• It’s also possible to use this expression in our daily lives to talk about someone’s work. Since this expression generally refers to civil servants, someone who lives from one small contract to the next and is told by his civil servant brother-in-law “why don’t you get a ‘real’ job?” could angrily reply: “What do you know about my daily life? You’re just a “pousseux de crayon” who can’t be fired, no matter the quality of your work!”

Expression #3: S’enfarger dans les fleurs du tapis

It’s a very colorful expression, very characteristic (I think) of Quebec expressions. Here, we’re talking about getting stuck (tripping) in the floral pattern of a carpet… it’s a way of saying that the person we’re talking about is preventing himself from carrying out a project or taking action because of obstacles or problems that are unimportant, even imaginary.
The person will talk about difficulties as if they had to cross a dense Amazonian jungle, when in fact it’s just a matter of walking on a carpet with a floral pattern.
In the office, these people are always the ones protesting against a new project… and if it’s your boss, chances are that the projects you propose will very rarely be approved.

Examples of how I use it in my life:

  • If you work in a field where the final product is subjective (web site, graphic design, decoration, etc.), you’ve almost certainly already had a customer who “s’enfargeait dans les fleurs du tapis”. You know, the customer who will ask for eight revisions over 4 months because there’s always THE little thing that’s causing them a problem…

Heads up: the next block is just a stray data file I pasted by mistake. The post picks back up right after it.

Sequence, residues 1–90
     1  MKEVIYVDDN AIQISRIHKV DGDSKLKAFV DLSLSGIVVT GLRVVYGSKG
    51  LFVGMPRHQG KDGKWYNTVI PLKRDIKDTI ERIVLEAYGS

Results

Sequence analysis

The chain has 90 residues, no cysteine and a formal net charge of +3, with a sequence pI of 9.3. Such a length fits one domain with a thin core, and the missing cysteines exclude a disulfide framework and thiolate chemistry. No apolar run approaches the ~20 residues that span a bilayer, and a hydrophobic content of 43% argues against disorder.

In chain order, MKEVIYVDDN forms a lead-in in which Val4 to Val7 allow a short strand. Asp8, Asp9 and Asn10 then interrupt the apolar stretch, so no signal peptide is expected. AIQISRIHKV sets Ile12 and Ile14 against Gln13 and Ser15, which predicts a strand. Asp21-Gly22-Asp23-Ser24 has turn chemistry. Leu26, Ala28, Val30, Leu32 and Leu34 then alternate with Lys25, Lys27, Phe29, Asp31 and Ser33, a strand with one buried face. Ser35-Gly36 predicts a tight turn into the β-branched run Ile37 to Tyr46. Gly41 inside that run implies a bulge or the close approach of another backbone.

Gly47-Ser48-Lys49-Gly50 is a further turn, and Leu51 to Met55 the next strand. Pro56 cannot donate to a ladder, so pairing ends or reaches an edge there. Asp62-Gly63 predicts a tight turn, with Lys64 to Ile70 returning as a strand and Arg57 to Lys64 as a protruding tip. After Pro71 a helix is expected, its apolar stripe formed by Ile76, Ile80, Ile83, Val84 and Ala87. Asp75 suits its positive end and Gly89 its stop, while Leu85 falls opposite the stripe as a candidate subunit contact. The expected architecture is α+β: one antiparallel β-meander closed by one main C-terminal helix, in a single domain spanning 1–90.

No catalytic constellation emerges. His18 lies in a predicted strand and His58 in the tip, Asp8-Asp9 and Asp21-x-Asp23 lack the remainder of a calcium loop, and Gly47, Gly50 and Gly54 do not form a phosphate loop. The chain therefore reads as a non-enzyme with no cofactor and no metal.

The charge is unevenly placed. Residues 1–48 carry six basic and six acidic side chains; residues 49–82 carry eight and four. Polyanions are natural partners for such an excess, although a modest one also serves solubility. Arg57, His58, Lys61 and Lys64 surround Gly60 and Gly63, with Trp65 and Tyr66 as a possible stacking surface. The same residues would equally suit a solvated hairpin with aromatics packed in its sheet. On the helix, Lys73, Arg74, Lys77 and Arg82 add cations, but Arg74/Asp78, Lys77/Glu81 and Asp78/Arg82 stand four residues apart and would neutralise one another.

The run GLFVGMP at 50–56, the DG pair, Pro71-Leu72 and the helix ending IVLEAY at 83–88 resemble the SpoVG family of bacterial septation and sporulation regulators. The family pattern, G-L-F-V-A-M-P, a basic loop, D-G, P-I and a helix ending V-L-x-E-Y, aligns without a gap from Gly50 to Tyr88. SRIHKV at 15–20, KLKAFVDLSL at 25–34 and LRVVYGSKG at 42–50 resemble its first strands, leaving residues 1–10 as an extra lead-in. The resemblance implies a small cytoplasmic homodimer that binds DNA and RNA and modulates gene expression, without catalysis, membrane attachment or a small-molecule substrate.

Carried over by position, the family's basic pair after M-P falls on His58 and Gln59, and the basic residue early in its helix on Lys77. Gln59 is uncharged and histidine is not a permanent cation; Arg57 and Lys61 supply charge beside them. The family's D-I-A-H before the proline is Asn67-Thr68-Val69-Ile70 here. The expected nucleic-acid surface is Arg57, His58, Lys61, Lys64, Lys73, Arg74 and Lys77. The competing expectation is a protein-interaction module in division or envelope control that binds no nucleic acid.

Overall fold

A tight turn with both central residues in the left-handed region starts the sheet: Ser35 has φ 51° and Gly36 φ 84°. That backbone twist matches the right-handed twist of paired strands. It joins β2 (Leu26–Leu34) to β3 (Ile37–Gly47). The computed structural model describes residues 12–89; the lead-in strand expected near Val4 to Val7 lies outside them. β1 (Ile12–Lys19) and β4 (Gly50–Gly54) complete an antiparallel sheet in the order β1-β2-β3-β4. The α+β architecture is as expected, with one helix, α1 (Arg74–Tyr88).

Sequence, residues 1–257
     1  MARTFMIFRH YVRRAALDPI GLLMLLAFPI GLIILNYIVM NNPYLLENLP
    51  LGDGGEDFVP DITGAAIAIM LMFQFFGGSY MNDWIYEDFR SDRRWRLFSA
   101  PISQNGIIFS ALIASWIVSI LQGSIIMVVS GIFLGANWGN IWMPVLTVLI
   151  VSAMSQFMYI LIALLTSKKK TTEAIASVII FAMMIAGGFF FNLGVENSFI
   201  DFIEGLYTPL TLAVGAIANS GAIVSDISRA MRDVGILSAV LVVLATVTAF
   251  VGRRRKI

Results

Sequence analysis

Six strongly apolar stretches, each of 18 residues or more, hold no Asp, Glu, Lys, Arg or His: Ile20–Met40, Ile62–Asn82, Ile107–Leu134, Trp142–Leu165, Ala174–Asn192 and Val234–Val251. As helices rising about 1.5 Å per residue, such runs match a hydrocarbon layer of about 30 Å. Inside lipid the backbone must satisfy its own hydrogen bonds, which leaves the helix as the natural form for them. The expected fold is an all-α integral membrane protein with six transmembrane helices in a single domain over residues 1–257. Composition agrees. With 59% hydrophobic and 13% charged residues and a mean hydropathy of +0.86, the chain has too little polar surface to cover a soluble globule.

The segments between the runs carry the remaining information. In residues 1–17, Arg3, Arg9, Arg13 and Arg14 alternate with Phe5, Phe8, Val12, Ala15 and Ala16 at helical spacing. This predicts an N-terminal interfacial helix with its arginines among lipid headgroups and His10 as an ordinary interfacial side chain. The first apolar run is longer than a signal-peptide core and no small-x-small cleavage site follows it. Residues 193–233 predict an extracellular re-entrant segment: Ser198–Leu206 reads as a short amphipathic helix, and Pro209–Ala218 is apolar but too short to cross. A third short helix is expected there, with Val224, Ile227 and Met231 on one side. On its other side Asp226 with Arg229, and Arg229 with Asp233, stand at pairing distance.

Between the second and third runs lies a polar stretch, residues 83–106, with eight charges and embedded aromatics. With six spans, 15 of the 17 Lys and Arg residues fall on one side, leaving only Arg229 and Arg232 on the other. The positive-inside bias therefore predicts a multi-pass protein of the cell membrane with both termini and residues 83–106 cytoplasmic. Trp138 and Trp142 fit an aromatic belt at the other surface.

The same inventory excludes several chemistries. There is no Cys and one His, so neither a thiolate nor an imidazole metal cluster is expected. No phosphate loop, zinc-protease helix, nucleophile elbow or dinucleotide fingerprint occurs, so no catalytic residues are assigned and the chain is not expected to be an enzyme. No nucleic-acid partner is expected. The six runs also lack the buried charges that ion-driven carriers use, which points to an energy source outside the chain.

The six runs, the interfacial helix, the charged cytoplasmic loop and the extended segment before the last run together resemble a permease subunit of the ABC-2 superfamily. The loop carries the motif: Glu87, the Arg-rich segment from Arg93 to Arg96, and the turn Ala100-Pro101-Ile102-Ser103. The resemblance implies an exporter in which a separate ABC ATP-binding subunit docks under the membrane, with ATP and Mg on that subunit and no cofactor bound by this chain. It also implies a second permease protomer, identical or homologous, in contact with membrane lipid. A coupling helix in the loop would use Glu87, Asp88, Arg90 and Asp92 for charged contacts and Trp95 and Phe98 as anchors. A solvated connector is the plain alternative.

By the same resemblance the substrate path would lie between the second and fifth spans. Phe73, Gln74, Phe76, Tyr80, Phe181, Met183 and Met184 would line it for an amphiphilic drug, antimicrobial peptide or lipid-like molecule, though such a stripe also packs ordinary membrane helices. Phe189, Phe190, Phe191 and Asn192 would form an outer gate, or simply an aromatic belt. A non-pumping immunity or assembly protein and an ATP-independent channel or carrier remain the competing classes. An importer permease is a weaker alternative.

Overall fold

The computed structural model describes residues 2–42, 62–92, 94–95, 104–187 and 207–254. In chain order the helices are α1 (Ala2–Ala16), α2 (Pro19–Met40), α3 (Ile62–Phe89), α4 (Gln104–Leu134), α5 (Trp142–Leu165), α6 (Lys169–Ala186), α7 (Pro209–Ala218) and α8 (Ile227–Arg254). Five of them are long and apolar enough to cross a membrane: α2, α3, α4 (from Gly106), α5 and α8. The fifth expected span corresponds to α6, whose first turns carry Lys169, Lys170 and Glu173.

• We’ve all sat through an interminable meeting because of someone who saw problems everywhere. I’ve personally told a colleague: “You’re going to have to stop “t’enfarger dans les fleurs du tapis”, because we’ve got until 5 p.m. to send the material to the printer if we want it in time for next month’s event!

Expression #4: Avoir des croûtes à manger

Until very recently in the history of the world, food resources were rare and precious. In Quebec, with its long winters and short summer harvesting season, this was even truer. It was therefore important not to reject certain parts of food, such as bread crusts, even if they were sometimes a little hard and not very pleasant to eat.

“Avoir des croûtes à manger” (having crusts to eat) means that a person still has a lot of experience and maturity to acquire. It’s as if thinking you can reject part of your food proves you know nothing about life.

Examples of how I use it in my life:

  • This expression is used in a positive way when you want to show a young person something, and although he’s a bit clumsy, he shows a certain motivation and good skills. For example, one summer at work, a teenager had been hired to help the handyman and, as he was showing him how to fix something, he said, “You’ve still got “des croûtes à manger” (some crusts to eat), but you’re doing great! A little practice and you’ll be a champion.”
  • This expression can also be used more negatively. I was once responsible for an intern who, at the age of 20, had not even finished university and was telling me in all seriousness that he wanted to become a manager in his first job, and couldn’t understand why everyone around him was telling him that he needed to start at the bottom and prove himself. I said to him, “Not to be mean, but if you don’t understand why everyone is telling you that, it’s precisely because “tu as des croûtes à manger” (you have crusts to eat)…”

Your challenge:

As in previous expression challenges, I’m asking you to reflect on your past week and find a situation where you could have used each of the four expressions to describe someone at work or in your environment.